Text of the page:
Efficiency Of Sentinel Organisms As Biological Monitors For Heavy Metal Pollution In Marine Environment | 10252
Journal of Analytical & Bioanalytical Techniques
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Monitoring heavy metal pollution in marine habitats using sensitive chemical instruments is not valuable. Heavy metals
exist in aquatic environment as complexes or free ions. Only free ions are available for living organisms. Moreover, if the
analysis with those instruments resulted in non-hazardous concentrations of metal pollutants in the studied areas, the results
don't actually reflect the extent of heavy metal contamination in living organisms as the metal concentrations can be transferred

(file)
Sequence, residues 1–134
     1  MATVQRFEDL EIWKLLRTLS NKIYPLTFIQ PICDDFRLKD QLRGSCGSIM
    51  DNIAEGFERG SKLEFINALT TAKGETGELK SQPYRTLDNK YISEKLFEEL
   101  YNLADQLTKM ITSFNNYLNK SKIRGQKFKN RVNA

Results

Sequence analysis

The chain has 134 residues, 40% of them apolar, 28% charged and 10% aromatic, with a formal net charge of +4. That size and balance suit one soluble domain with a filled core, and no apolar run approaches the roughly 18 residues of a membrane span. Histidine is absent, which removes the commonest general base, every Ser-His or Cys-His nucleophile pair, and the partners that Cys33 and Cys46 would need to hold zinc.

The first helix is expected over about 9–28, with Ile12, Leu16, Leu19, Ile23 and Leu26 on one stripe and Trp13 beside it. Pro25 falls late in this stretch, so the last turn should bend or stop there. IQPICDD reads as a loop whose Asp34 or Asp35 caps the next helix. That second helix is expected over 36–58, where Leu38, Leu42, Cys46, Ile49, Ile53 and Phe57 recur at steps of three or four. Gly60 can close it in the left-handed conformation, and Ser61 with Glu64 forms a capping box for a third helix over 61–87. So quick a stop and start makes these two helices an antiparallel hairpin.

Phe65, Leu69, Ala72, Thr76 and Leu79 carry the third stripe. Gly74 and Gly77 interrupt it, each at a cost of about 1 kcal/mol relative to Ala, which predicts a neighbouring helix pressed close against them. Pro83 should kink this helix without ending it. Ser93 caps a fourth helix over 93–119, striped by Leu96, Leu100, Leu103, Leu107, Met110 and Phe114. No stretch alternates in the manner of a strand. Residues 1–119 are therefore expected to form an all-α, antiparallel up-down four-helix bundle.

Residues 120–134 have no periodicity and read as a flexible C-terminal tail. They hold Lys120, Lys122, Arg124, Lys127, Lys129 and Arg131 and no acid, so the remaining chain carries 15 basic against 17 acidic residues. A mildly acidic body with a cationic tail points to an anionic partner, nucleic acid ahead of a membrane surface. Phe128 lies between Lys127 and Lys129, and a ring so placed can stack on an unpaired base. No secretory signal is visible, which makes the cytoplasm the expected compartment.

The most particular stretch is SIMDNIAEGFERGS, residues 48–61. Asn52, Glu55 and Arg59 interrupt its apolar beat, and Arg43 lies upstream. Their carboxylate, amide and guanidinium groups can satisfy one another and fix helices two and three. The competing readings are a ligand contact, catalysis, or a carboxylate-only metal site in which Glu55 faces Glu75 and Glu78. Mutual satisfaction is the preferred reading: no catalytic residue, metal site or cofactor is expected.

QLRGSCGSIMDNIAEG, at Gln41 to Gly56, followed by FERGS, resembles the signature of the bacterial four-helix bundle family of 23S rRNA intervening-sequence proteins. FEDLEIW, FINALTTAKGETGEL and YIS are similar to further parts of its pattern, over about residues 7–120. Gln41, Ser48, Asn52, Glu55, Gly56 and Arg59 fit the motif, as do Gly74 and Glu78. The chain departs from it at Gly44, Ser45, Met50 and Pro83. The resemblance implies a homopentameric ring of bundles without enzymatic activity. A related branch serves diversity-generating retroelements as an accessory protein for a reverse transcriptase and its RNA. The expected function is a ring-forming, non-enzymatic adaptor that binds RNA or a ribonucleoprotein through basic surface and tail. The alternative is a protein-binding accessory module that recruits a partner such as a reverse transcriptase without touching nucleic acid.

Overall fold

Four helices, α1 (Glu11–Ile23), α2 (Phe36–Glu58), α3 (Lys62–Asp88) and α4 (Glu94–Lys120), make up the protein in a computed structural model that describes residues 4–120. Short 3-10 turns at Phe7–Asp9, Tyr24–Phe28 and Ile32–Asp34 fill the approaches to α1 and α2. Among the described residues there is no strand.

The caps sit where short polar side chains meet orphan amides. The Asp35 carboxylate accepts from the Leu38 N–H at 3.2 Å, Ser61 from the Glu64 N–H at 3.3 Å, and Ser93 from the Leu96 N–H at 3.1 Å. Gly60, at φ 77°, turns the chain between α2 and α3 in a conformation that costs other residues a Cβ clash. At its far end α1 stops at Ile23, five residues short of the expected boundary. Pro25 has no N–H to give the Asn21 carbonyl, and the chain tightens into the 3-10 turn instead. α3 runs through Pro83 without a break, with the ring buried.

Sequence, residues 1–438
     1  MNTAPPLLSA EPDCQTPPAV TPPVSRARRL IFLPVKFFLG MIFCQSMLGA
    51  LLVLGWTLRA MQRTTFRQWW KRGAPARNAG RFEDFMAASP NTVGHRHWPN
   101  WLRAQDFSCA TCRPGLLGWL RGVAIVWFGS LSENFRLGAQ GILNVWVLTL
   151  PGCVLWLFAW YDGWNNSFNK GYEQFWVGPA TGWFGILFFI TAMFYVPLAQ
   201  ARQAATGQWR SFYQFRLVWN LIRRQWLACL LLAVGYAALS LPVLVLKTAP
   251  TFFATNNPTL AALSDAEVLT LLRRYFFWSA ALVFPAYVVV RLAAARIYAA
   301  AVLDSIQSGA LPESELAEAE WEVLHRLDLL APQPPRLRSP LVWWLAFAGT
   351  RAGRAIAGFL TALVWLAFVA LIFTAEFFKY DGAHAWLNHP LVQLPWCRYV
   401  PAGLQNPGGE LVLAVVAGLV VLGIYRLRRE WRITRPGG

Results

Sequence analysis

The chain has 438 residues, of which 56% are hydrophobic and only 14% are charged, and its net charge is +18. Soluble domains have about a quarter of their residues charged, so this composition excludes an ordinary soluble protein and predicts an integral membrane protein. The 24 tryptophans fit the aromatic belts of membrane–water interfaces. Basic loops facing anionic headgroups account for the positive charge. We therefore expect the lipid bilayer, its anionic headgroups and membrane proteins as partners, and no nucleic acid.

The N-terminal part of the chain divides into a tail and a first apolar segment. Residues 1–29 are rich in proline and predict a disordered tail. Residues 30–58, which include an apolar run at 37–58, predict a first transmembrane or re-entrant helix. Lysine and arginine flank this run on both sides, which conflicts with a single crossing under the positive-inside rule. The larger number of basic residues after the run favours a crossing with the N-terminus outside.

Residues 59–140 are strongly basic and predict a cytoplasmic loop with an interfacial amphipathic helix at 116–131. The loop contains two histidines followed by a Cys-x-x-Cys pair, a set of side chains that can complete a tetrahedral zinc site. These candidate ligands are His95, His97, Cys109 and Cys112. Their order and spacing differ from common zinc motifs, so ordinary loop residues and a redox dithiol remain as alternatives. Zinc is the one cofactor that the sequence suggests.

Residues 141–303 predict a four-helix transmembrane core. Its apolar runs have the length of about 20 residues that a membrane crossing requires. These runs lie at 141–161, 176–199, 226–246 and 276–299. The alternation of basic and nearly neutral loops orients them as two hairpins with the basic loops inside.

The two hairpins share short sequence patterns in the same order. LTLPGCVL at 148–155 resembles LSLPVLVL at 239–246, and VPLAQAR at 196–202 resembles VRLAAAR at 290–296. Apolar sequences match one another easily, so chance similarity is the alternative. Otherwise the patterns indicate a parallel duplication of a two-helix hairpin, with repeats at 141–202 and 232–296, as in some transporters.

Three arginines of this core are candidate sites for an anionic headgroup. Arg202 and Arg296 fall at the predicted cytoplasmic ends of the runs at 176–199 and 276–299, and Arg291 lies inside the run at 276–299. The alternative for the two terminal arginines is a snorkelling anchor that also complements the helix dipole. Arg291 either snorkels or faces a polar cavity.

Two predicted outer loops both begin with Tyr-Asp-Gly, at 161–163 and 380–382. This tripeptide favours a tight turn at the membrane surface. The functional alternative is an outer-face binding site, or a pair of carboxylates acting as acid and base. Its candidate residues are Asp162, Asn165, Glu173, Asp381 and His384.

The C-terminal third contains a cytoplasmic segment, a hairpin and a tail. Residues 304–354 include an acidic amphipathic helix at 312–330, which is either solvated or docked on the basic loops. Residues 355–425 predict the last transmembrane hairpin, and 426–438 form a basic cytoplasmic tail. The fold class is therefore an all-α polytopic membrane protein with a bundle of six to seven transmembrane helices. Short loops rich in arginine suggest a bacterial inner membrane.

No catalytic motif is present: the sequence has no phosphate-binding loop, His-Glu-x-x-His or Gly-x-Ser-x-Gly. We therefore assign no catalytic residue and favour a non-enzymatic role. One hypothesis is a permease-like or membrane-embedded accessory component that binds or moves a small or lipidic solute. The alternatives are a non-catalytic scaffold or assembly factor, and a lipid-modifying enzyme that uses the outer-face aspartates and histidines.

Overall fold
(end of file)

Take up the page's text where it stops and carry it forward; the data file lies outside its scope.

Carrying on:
and multiplied across the food chain from one consumer to the other. Some living organisms especially, molluscs, annelids are
successfully used as biomonitors. They have the ability to detoxify metal pollutants and to store them within some organelles
of their tissues several folds of the surrounding habitats, so that a bioaccumulation factor can be determined for each metal.
Helminth parasites showed higher bioaccumulation of heavy metals rather than host. On the cellular level, copper and cadmium
are stored within the lysosomes as electron lucent, or electron dense vesicles. Lead is stored in the form of granules or lipid
droplets. The present work discusses the entry of heavy metals and detoxification mechanism in some marine invertebrates and
storage within organelles of their digestive glands.
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